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Final Word: Virginia Goes From Worst To First

Virginia head coach Tony Bennett (Photo by Tom Pennington/Getty Images)

Virginia basketball will remember the tune for the rest of its life. Cavs coach Tony Bennett left his heart in Charlotte last season.

That’s where 16th seed UMBC knocked his top-seeded team out of the 2018 NCAA Tournament in the first round, perhaps the most shocking upset in the sport’s history.

The reaction to that loss was palpable; stunned disbelief just begins to explain it. Bennett’s peers sent him their condolences and inspiration messages while Cavaliers nation sat Shiva.

“We’ve all had our own battles,” Cavaliers guard Kyle Guy said. “It’s a really special group because we all had the same `Why?’ amongst other whys.”

Of course, there would be a new season in 2019 and eventually the grief wore off and was replaced with a sense of cautious optimism as the program began the process of making amends.

You’d have to say the reclamation project went quite well. The Cavaliers completed the journey from worst to first on Monday by beating Texas Tech 85-77 in overtime to win its first national championship.

“We did something unbelievable,” said Cavaliers forward Mamadi Diakite. “We just made history.”

They paid honor to the credo of surviving and advanced, defeating Oregon, Purdue and Auburn in nail-biting fashion to get from the Sweet 16 to Monday. Each win seemed more improbable than the last. And that was after a near apocalypse in the first round when they trailed another 16 seed, Gardner-Webb, by 14 points in the first half and six points at halftime.

Like all teams who win championships, Virginia received exemplary individual performances from Guy, Ty Jerome and De’Andre Hunter. They made every shot they needed to make.

Guy’s performances against Purdue, Auburn and Texas Tech will forever be etched in the memories of Virginia fans, particular the incredible cool that enabled him to sink three free throws with 0.6 second left in the national semifinal.

“He’s just got it,” said Bennett. “You look at him, and he’s not the most physical guy, but it’s inside. … I could go down the (roster), but that’s what you look for. You take guys who are tough mentally and skilled and smart and have enough athleticism, and you can be really good.”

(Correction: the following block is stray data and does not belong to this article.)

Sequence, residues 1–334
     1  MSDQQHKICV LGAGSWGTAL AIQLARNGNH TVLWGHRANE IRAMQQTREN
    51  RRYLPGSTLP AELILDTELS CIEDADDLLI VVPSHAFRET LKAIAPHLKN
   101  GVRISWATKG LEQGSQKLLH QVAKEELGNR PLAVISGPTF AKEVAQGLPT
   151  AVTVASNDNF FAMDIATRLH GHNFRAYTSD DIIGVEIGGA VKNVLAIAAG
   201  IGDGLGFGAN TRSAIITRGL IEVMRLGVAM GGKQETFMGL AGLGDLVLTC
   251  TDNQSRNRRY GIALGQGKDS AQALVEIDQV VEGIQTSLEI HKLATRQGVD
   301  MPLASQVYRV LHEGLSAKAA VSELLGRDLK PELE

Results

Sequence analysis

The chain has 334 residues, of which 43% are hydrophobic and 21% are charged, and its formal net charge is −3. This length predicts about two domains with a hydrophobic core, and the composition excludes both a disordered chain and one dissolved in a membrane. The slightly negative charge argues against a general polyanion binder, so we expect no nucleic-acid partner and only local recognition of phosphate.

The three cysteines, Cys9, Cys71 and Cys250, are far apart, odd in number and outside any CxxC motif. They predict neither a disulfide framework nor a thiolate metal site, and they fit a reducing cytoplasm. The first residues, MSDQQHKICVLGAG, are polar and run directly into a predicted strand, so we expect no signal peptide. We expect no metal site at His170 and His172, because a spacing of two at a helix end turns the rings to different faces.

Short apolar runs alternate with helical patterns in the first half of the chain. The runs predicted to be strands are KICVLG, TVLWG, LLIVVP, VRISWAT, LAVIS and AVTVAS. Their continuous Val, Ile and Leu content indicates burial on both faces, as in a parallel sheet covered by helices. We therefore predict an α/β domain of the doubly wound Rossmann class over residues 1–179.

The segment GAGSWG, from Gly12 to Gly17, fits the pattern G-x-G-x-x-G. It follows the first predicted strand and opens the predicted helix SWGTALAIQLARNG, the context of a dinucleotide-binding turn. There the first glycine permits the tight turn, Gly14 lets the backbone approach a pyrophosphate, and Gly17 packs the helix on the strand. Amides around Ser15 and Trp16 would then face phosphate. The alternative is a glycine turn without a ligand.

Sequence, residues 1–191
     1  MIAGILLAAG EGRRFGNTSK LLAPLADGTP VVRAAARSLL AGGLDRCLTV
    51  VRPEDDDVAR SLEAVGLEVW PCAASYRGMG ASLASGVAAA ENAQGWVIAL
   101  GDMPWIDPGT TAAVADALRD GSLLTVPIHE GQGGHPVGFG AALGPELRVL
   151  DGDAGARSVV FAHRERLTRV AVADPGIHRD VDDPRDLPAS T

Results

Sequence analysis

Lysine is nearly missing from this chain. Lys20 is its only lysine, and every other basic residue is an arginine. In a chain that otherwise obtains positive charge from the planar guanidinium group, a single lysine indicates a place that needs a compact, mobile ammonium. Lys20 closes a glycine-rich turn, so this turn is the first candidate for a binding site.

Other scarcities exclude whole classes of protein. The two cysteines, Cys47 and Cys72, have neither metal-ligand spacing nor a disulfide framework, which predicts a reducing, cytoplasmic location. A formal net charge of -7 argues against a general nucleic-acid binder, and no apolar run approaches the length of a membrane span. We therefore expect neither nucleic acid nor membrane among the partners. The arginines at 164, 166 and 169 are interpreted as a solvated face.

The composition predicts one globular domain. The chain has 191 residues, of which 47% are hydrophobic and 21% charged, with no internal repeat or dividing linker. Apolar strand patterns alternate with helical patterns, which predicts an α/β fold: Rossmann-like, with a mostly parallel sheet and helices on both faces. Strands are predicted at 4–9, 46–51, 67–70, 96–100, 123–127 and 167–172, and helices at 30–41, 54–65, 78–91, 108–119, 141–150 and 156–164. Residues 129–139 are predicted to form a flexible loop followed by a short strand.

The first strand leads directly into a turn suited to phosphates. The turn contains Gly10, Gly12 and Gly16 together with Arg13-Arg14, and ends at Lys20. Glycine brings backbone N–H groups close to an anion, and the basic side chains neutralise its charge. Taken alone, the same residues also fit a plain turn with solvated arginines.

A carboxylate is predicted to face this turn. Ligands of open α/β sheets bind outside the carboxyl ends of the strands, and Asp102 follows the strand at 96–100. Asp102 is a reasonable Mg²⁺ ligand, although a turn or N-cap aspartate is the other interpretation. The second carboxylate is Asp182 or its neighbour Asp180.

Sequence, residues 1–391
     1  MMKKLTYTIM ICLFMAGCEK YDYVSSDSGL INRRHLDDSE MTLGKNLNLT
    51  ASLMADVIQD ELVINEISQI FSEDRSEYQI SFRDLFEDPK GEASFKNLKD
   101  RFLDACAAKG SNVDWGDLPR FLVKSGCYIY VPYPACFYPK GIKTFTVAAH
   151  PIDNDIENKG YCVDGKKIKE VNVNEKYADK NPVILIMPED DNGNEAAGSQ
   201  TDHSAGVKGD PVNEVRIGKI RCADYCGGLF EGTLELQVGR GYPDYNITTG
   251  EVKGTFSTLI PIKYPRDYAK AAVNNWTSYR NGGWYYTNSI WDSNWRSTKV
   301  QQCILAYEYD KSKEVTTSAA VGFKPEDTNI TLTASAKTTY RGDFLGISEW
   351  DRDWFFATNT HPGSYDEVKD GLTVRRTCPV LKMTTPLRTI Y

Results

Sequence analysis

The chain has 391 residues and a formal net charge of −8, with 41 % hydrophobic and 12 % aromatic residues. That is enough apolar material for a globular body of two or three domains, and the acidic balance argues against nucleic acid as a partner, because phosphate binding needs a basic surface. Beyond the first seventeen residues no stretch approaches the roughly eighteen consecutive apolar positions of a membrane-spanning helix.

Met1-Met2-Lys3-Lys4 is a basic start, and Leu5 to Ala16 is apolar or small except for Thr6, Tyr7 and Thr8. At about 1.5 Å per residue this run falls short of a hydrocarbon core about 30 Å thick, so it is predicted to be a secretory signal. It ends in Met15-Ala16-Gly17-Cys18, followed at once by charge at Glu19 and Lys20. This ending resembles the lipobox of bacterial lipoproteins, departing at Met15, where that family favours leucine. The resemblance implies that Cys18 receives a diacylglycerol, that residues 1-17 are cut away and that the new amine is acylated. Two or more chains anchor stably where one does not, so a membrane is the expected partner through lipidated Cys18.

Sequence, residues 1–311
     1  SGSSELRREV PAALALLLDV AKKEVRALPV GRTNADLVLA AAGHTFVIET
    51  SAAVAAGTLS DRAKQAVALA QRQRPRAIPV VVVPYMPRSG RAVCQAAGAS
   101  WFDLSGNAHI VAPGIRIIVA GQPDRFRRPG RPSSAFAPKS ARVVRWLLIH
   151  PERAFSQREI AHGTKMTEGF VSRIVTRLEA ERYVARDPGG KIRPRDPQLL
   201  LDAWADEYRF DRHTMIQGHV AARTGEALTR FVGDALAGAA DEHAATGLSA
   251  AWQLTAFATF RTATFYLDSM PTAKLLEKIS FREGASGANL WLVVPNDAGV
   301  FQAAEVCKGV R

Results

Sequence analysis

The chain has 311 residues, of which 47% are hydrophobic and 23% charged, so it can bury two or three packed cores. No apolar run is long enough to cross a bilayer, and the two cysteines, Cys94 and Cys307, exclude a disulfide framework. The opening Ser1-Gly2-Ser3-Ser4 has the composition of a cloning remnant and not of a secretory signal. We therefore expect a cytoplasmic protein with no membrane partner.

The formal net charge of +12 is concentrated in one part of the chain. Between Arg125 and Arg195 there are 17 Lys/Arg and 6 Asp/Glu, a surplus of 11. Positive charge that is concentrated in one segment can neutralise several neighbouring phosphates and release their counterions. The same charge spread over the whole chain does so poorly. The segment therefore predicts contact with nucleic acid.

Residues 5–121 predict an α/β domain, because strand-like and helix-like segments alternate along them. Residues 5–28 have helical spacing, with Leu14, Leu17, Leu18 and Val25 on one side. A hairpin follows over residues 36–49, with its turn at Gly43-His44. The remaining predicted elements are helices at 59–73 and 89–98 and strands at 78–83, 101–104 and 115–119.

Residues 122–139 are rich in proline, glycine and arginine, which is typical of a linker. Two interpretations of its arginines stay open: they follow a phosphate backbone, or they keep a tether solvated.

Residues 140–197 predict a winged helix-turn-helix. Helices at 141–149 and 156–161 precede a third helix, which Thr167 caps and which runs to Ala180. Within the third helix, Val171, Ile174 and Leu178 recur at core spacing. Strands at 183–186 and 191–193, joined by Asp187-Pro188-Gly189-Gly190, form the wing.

Virginia was nicely set up for its Tournament roll. The Cavs won their first 16 games by an average of 22.6 points. It lost only twice in the regular season, both to Duke, before Florida State beat it in the semifinals of the ACC Tournament.

During the course of the year it also developed its calling card, a propensity for playing with offensive caution and defensive intensity, limiting opponents possessions and making them work hard for every point they might get.

As the year moved along, Bennett often brought motivational speakers to campus, his way of making sure his players understood how to turn last year’s calamity into positive energy. He never played dumb. He never refused to admit what had happened. He just accepted it as a part of the game and moved ahead.

Kyle Guy celebrates after Virginia wins the NCAA National Championship

(Photo by Streeter Lecka/Getty Images)

Texas Tech was a formidable opponent, this season’s Cinderella. It was also a ferocious defensive team and Virginia did not whistle while it worked.”You can’t go through the stuff that no one’s experienced,” said Bennett. “Again, it’s a game. We talked about it, but they had to deal with things, their own stuff inside and the opinion of others, and just come together and tighten in a way; and they went after it in terms of developing their own game and then how they played.”

The game went back and forth all night, finally stepping into the eight overtime in NCAA championship game history. And that’s where the Cavaliers finally separated themselves. It was Hunter who canned a three-pointer from the right side with 2:07 to play to finally give them the momentum they needed to finish the job.

Hunter had 27 points (22 in the second half) and nine rebounds. Guy, the MVP of the Final Four, had 24 points. Jerome added 16 points, eight assists and six rebounds. The Cavs drained 11 threes, maximizing their possessions by averaging 1.13 points per touch.

In all honesty, the only way Virginia figured to close the book on UMBC was to write the best chapter ever, something that would leave its audience smiling, cheering and asking for more. It was a great task. It hadn’t been to a Final Four in more than 30 years. There was nothing to fall back on, no experience to build upon.

“Forget last year. This is everything you dream of since you’re a little kid,” said Jerome. “I’m not even thinking about UMBC right now. I’m just thinking this is a dream come true, and it’s even more than that, because you never even imagine you’ll be able to spend a year with people you actually love, your teammates and your coaches. Not a lot of people get along like we do, so to share this moment with them is unbelievable.”